Best supplements for cholesterol: The plant supplement proven to lower cholesterolSeptember 8, 2019
BEST supplements for cholesterol: High cholesterol can hike a person’s risk of developing potentially fatal complications. Fortunately, following a certain lifestyle can help to keep cholesterol under control. Evidence backs taking a certain plant supplement.
High cholesterol happens when a person has too much of a fatty substance called cholesterol in their blood. It is strongly tied to unhealthy lifestyle habits such as eating fatty food, not exercising enough, being overweight, smoking and drinking alcohol. A build-up of cholesterol can block a person’s blood vessels, making them more likely to have heart problems or a stroke. There are a number of ways people can lower cholesterol, including adding a plant sterol supplement to their diet.
Plant sterols are a group of substances made in plants.
Researchers at Washington University School of Medicine in St. Louis studied patients who already were eating a heart-healthy diet and taking statin drugs to control cholesterol.
The addition of plant sterols helped further lower total cholesterol and contributed to a nearly 10 per cent reduction in low-density lipoprotein (LDL) cholesterol, the so-called “bad” cholesterol.
According to the study, most sterol-containing foods studied have been brands of margarine.
Studies have found that a daily intake of one or two tablespoons of sterol-containing margarine could significantly lower LDL cholesterol.
Some juices and puddings also contain plant sterols.
“One problem is many of our patients already have lowered their intake of fats and calories and don’t use products like margarine on a regular basis,” says Anne Carol Goldberg, M.D., lead author of the new study and associate professor of medicine at Washington University. “In addition, many of these people eat out regularly, and they can’t easily take a particular brand of margarine to a restaurant.”
To deliver the sterols in pill form, the plant compounds were combined with a substance called lecithin and compressed into tablets.
When mixed with lecithin, the normally insoluble sterols are able to dissolve in water and get absorbed in the intestine.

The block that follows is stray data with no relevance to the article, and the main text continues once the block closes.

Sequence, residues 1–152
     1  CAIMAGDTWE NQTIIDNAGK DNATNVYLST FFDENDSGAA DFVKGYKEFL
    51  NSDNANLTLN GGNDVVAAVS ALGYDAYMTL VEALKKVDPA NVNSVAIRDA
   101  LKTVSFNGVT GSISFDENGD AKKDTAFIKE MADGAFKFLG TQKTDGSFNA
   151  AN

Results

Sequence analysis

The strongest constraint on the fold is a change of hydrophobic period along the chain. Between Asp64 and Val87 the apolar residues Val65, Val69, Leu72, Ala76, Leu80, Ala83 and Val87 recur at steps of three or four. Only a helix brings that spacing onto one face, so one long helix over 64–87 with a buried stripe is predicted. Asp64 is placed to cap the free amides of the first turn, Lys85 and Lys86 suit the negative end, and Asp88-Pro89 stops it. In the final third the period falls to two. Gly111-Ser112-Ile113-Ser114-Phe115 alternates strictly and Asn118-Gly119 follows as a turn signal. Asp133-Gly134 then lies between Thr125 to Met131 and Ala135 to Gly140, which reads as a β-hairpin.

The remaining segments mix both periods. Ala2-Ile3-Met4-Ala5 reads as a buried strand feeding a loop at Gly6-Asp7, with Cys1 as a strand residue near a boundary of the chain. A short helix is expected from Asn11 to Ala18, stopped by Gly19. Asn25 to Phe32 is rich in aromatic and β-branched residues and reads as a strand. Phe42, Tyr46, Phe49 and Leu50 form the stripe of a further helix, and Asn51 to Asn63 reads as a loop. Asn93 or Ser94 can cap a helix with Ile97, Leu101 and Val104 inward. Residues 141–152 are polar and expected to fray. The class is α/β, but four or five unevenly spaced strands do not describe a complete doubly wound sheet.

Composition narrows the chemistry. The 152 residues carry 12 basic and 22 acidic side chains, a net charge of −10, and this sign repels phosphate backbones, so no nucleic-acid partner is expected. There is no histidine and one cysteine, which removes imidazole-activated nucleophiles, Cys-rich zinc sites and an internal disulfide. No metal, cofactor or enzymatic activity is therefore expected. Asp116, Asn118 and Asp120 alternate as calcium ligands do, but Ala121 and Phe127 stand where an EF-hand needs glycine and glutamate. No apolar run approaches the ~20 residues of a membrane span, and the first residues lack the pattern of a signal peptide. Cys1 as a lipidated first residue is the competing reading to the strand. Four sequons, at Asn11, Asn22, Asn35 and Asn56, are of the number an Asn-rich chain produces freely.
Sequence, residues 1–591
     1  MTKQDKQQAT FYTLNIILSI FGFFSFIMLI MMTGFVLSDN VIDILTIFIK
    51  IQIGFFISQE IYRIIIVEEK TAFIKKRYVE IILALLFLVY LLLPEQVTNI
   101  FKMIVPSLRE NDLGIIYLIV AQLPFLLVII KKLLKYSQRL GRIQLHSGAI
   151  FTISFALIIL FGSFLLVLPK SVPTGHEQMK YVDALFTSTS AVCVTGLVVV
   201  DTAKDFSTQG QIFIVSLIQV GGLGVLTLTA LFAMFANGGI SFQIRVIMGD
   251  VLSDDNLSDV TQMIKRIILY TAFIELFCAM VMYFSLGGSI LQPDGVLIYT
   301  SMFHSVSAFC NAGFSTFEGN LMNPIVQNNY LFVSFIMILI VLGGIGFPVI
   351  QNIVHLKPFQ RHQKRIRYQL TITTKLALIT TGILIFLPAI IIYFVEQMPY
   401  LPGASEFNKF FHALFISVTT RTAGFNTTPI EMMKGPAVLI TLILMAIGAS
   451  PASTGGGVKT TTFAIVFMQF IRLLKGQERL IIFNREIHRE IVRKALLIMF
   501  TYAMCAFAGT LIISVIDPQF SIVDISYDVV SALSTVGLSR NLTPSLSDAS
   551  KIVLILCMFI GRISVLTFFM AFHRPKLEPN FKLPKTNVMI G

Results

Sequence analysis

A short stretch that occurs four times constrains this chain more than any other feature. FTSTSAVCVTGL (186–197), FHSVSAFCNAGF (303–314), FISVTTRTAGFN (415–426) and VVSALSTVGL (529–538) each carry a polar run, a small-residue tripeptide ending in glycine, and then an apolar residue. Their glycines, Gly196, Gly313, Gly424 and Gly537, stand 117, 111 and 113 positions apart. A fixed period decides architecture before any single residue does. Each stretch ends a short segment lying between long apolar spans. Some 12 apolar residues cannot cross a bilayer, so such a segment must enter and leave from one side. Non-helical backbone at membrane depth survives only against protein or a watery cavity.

Goldberg’s team studied 26 patients who were following the American Heart Association Heart Healthy Diet and taking statin drugs to control cholesterol. Over six weeks, half were randomly assigned to take inactive placebo pills while the rest took sterol tablets.
All patients ingested four tablets, twice daily with meals, while continuing to take statin drugs.
After treatment, those who took the sterol pills averaged a nine percent reduction in LDL cholesterol and a six percent decline in total cholesterol. And Goldberg’s team found that the higher the LDL before the study began, the greater the drop in the bad cholesterol.
“Those who started with higher LDL got a bigger response, a bigger drop in their LDL, when they added plant sterols to their regimen,” Goldberg said.
The plant sterols appear to provide an effective way to lower cholesterol levels, especially LDL cholesterol, according to Goldberg. But she said the sterols probably will work best when given as an additional therapy, and she recommends they be used in combination with diet and/or cholesterol-lowering statin drugs.
“This type of treatment would be in addition to dietary changes and other medication,” she said.
Goldberg added: “There probably are some people who have very mild abnormalities in cholesterol who could get by with a sterol supplement alone, but people with higher cholesterol levels will need medication, too. They’ll take plant sterols in addition to other therapies and benefit from the additive effect we observed in this study.”
Other studies support the case for taking sterol supplements.
A meta-analysis of plant sterol supplement studies suggested an eight per cent lowering of low density lipoprotein (LDL) cholesterol for 2 to 2.5 g/day of plant sterols.
Plant sterols can be taken in supplement form but they are also found in food.
Interestingly, cereal foods have been rarely tested, and one study showed a lower LDL lowering of 5.4 per cent with 1.6 g of plant sterol in breakfast cereal.
Sterols and stanols are naturally found in a range of plant sources including vegetable oils, grain products such as breads and cereals, nuts, seeds, fruits and vegetables.
According to the British Heart Foundation: “In combination with a balanced diet, eating foods that provide you with 2–2.5g of plant sterols or stanols every day can have an additional cholesterol-lowering benefit.”